Listening to Arunachalam Muruganantham narrate his story on how he set about to produce sanitary napkins at a cheaper cost (http://www.youtube.com/watch?v=u1iWhljEbTE) made me realize what a great man he is. He effectively killed two birds with one stone – he found a solution for women to better deal with menstruation at a cheaper cost and also provided them gainful employment in the process. In India, as in some nations across the world, menstruation continues to be a taboo topic; women do not discuss it openly and men blissfully turn a deaf ear to it. While only 5% of the women in India use sanitary napkins, the rest resort to rags, saw dust and even ashes. Needless to say, the latter bring with it a host of health problems.
My thoughts on the ‘Big Issue’ have been presented using each letter of Arunachalam’s name:
Arunachalam came across this idea when he saw his wife gather rags one day. When asked why she did not use sanitary napkins, the wife put forth the cost angle. This led Arunachalam to ponder over the problem faced by hundreds of women which have to deal with this in such a fashion.
Once he became aware, Arunachalam did not sit quiet like most men would have. Instead, he decided to go to the root cause of the problem and decide what could be done about it. He knew fully well that he was entering into a taboo territory.
What Arunachalam thought next was quite unusual. He decided to manufacture low-cost sanitary napkins himself. This would ensure that women start using the napkins and eliminate the health problems faced by them.
The solution designed by Arunachalam to the problem was need-based. He would develop a low-cost napkin which women would be willing to use as against the high-cost one which they did not.
Needless to say, considering Arunachalam was openly discussing a taboo topic, his family and friends abandoned him. He was ostracized from his village for his endeavours. People thought that he has gone mad or spirits have entered his body.
Arunachalam also had to face challenges in the form of volunteers needed to test the product. Women were unwilling to discuss their menstruation problems with a complete stranger. But he did not let these deter him.
When he realised that he could not find volunteers, he decided to test the product himself using animal blood and a football bladder.
His efforts finally paid off when he was able to develop a sanitary napkin on a machine he built himself.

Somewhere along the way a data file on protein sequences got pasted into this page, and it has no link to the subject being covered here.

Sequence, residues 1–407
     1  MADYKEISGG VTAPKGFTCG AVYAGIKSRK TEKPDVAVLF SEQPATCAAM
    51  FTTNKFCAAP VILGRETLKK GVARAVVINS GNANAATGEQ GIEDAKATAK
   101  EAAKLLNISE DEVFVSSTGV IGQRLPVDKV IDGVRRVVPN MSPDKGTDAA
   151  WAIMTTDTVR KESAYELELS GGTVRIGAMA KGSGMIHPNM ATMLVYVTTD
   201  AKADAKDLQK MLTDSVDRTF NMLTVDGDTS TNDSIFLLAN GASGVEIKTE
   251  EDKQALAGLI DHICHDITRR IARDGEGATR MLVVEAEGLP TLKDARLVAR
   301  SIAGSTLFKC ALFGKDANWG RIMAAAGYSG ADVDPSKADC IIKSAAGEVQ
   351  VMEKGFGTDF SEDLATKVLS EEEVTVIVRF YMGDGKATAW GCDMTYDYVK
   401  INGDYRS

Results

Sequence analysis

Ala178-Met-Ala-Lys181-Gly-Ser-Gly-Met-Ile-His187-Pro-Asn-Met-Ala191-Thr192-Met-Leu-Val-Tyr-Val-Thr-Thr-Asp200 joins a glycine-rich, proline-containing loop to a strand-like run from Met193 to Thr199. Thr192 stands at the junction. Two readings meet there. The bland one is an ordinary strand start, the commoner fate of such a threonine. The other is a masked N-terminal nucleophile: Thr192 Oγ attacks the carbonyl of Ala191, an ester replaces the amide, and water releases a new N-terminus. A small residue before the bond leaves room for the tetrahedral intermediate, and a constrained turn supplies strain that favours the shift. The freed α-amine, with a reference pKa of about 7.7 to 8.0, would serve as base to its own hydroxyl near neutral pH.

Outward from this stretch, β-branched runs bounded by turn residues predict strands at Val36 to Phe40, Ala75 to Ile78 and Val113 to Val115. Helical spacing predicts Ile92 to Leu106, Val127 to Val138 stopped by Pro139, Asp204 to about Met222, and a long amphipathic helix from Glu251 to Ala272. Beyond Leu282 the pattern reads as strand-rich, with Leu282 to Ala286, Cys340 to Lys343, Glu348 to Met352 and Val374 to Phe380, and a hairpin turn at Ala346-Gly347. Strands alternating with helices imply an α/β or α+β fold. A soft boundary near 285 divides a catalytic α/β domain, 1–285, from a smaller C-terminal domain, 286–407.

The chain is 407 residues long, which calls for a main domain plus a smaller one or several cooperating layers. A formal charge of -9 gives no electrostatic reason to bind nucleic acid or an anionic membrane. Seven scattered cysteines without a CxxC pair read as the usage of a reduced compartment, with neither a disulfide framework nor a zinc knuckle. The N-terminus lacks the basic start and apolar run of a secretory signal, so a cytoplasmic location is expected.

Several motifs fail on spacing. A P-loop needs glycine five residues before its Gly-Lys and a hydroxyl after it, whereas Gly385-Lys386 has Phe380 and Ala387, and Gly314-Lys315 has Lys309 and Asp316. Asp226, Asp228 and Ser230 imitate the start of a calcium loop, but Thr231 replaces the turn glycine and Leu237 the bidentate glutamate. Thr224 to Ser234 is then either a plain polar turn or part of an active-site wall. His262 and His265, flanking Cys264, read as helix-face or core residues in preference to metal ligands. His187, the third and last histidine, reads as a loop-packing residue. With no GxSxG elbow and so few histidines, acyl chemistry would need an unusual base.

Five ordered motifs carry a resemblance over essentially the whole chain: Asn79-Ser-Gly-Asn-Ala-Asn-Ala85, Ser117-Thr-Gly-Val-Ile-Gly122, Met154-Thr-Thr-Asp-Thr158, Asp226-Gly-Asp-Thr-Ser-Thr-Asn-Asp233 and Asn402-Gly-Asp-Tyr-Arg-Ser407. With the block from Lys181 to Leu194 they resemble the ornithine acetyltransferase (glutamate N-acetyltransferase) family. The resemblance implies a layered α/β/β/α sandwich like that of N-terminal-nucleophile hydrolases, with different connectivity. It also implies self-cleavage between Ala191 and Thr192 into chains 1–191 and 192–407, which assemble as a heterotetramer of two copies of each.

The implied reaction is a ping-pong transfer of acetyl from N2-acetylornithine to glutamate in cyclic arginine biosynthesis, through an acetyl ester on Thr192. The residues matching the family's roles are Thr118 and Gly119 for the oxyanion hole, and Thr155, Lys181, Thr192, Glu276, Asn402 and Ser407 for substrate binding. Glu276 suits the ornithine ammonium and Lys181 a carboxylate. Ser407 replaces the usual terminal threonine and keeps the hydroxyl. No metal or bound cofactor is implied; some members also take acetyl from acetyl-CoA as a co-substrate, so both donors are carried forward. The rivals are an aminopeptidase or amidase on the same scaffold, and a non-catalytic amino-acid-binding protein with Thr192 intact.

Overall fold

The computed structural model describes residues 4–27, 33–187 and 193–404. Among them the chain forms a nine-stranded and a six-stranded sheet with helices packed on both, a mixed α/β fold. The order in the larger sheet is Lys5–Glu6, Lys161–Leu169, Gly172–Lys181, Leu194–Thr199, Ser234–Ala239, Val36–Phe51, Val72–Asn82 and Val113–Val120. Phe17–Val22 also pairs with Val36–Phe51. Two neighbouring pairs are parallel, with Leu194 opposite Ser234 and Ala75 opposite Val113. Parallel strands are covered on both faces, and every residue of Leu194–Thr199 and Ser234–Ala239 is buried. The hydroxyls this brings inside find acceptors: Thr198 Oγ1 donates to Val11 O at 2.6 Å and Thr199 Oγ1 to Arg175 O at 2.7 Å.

The best part about these napkins was that these were manufactured at less than a third of those sold by MNCs. Also, these were being manufactured at local level by women who gained employment resulting in a win-win situation.
Arunachalam’s efforts bore fruit and he received the 2009 Best Innovation Award from the Indian President Smt. Pratibha Patil. Earlier, in 2006, his machine also won the award for the best innovation for the betterment of society from IIT, Chennai.
Thus designing a solution to an all-pervasive problem led to Arunachalam’s life becoming more meaningful. As he states at the end of his talk, “What do you need to make your life meaningful? You need a problem.”
His story needs to be shared far and wide for many reasons. Firstly, he is an entrepreneur with a difference. He saw an opportunity to innovate in a field as taboo as menstruation. Secondly, when he started, he knew he would be competing against the big MNCs such as P&G and Johnson & Johnson. That, however, did not deter him. Thirdly, even when his wife and his mother left him and he had to leave his village, he did not let go of his passion and continued to put in efforts. Fourthly, he has no qualms about admitting that he is not so well educated nor fluent in English. In fact, he uses his ability to make jokes on himself brilliantly to put across his views.
I have personally experienced the anecdote narrated by Arunachalam: of a chemist wrapping the packet of sanitary napkins in a newspaper. It is indeed sad to think that while India continues to make great progress in almost every other field with women contributing an equal share, a natural thing like menstruation continues to be taboo. I hope the innovation by Arunachalam, in addition to enabling rural and other women to start using sanitary napkins, also encourages discussions on menstruation amongst all sections of society in a healthy fashion.
Franklin Templeton Investments partnered the TEDxGateway Mumbai in December 2012.